The releasable trip member 39 '(FIGS. 1 and 2) comprises a spring support portion 47 for each of the poles of the breaker, each of which is secured adjacent its pivot axis to a tie rod or cross bar 49 of molded insulating material for unitary pivotal movement. The tie rod 49 is provided with end bearing portions 52 (FIG. 3) for supporting the ends of the releasable trip member 39 in bearing supports in the side walls of the cover 13 and base 11. The spring support portion 47 for one of the poles of the breaker extends toward the left (FIG. 1) and has a latch end 53 which is normally engaged and releasably held by a single latch element of the trip device 21 (to be later described) to releasably hold both of the spring support portions 47 of the releasable trip member 39 in operative position.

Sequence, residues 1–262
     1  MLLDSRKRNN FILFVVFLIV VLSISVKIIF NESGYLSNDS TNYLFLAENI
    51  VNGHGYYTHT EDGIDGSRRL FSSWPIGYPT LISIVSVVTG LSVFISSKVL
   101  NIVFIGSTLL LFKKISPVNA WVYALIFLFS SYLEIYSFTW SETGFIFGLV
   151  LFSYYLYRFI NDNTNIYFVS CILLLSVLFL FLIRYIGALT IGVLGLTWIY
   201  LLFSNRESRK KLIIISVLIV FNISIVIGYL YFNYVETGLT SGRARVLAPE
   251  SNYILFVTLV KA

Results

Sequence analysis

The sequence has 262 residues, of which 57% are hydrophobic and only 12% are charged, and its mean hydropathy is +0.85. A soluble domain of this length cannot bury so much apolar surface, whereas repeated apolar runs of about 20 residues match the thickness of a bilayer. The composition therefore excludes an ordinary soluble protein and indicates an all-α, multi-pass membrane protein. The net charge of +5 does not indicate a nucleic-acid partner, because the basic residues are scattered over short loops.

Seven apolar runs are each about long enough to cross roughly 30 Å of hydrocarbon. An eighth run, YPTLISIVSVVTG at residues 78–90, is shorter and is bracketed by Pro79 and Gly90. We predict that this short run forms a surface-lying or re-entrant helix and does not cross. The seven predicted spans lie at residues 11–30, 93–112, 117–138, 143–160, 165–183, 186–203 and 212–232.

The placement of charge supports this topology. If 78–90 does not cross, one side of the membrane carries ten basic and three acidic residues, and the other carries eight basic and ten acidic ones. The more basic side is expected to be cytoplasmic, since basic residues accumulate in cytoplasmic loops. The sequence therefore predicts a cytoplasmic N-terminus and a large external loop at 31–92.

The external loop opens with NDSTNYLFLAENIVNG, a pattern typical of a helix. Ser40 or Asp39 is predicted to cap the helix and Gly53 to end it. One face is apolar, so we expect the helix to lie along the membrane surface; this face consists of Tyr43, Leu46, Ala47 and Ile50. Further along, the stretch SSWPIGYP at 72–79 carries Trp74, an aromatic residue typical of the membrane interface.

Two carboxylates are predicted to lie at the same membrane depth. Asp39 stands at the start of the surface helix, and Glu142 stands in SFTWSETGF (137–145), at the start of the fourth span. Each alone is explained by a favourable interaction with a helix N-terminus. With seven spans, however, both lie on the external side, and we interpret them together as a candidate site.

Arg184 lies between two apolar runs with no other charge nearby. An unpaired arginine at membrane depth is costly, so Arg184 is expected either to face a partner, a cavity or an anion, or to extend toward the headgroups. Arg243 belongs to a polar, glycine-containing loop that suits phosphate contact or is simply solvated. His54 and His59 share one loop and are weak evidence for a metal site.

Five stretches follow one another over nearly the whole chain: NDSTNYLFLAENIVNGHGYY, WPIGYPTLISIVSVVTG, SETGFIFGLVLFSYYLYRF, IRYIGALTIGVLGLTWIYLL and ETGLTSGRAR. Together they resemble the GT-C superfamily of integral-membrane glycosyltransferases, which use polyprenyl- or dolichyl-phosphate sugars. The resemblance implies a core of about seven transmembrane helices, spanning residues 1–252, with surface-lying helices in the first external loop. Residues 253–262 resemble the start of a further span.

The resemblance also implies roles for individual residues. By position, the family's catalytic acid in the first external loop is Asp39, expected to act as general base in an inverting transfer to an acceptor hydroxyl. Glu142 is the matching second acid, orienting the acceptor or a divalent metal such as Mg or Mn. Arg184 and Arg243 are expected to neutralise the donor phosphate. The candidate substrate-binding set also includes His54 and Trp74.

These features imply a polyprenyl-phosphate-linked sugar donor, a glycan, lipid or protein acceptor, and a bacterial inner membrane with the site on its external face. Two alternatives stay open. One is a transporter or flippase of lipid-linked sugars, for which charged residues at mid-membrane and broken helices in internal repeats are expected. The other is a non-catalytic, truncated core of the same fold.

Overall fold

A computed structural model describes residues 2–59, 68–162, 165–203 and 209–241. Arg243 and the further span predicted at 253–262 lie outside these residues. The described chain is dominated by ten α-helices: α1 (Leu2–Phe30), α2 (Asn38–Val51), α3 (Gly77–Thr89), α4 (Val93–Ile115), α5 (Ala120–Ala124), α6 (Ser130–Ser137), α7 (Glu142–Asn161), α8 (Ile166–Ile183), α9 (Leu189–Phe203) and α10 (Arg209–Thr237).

Each of the operating levers 33 is bifurcated and the spaced legs 55 thereof are provided with notches 57 in which are seated and pivoted the outer or upper ends of the legs 59 of the U-shaped switch members 31. The switch members 31 are held in place by the overcenter operating springs 37 which are connected under tension between the switch members 31 and the corresponding spring support portions 47 of the releasable trip member 39. As shown in FIGS. 1 and 2, the springs 37 bias the switch members 31 to the closed position.